17. Thiess Büttner, 1999. "Determinants of Tax Rates in Local Capital Income Taxation: A Theoretical Model and Evidence from Germany," FinanzArchiv: Public Finance Analysis, Mohr Siebeck, Tübingen, vol. 56(3/4), pages 363-, July.
  18. Thomas A. Gresik, 2001. "The Taxing Task of Taxing Transnationals," Journal of Economic Literature, American Economic Association, vol. 39(3), pages 800-838, September.
Full references (including those not matched with items on IDEAS)

This item is not listed on Wikipedia, on a reading list or among the top items on IDEAS.

When requesting a correction, please mention this item's handle: RePEc:eee:pubeco:v:88:y:2004:i:6:p:1149-1168. See general information about how to correct material in RePEc.

For technical questions regarding this item, or to correct its authors, title, abstract, bibliographic or download information, contact: (Shamier, Wendy)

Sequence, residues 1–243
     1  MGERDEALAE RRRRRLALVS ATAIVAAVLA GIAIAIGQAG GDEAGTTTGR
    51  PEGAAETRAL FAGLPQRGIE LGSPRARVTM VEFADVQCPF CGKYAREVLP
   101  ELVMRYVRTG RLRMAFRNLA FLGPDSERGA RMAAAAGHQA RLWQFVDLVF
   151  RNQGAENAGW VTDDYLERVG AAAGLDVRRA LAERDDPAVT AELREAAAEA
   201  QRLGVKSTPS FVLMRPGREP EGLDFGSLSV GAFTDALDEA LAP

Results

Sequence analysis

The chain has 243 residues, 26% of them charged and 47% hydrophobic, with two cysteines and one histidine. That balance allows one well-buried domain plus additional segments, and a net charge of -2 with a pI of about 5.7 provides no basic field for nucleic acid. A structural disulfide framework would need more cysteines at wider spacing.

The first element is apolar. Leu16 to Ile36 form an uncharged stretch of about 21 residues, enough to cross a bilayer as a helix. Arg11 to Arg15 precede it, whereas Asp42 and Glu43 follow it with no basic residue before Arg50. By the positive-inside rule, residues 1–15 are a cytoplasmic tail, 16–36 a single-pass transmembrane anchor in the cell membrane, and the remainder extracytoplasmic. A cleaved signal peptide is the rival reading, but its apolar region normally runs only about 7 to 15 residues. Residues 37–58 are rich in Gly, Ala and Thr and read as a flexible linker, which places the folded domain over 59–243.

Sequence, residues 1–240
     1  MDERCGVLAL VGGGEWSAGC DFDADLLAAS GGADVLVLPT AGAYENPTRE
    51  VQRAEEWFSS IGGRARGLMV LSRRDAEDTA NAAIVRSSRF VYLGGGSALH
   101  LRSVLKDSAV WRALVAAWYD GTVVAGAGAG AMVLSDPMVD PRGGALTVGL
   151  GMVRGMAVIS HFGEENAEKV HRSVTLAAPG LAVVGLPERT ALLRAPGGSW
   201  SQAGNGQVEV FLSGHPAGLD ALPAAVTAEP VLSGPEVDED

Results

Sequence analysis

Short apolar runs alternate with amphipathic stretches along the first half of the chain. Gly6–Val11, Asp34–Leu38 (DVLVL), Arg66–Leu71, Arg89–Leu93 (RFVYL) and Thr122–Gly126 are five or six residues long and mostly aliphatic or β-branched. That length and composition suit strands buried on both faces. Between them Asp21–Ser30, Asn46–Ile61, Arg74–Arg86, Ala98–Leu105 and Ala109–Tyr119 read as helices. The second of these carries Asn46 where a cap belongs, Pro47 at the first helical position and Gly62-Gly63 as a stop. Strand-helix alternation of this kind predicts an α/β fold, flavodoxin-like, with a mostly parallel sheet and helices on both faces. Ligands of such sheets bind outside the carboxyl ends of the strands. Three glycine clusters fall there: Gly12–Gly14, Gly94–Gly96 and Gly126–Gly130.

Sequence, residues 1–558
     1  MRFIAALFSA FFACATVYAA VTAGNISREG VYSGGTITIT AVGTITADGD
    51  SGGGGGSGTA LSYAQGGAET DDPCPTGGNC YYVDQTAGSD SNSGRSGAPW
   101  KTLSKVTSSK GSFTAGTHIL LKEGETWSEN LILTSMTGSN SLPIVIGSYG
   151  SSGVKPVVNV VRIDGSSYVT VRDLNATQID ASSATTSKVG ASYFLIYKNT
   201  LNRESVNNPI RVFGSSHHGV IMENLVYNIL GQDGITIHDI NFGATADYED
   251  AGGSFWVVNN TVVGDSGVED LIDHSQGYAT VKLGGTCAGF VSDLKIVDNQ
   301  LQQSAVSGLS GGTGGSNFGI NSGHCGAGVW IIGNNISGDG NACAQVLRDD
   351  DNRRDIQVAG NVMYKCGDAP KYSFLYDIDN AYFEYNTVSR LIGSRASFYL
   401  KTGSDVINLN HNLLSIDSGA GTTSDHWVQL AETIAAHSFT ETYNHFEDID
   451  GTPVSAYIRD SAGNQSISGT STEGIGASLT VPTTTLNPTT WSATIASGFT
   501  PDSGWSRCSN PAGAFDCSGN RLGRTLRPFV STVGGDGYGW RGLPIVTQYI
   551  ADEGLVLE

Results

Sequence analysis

If you have authored this item and are not yet registered with RePEc, we encourage you to do it here. This allows to link your profile to this item. It also allows you to accept potential citations to this item that we are uncertain about.

If references are entirely missing, you can add them using this form.

If the full references list an item that is present in RePEc, but the system did not link to it, you can help with this form.

If you know of missing items citing this one, you can help us creating those links by adding the relevant references in the same way as above, for each refering item. If you are a registered author of this item, you may also want to check the "citations" tab in your profile, as there may be some citations waiting for confirmation.

Please note that corrections may take a couple of weeks to filter through the various RePEc services.

This information is provided to you by IDEAS at the Research Division of the Federal Reserve Bank of St. Louis using RePEc data.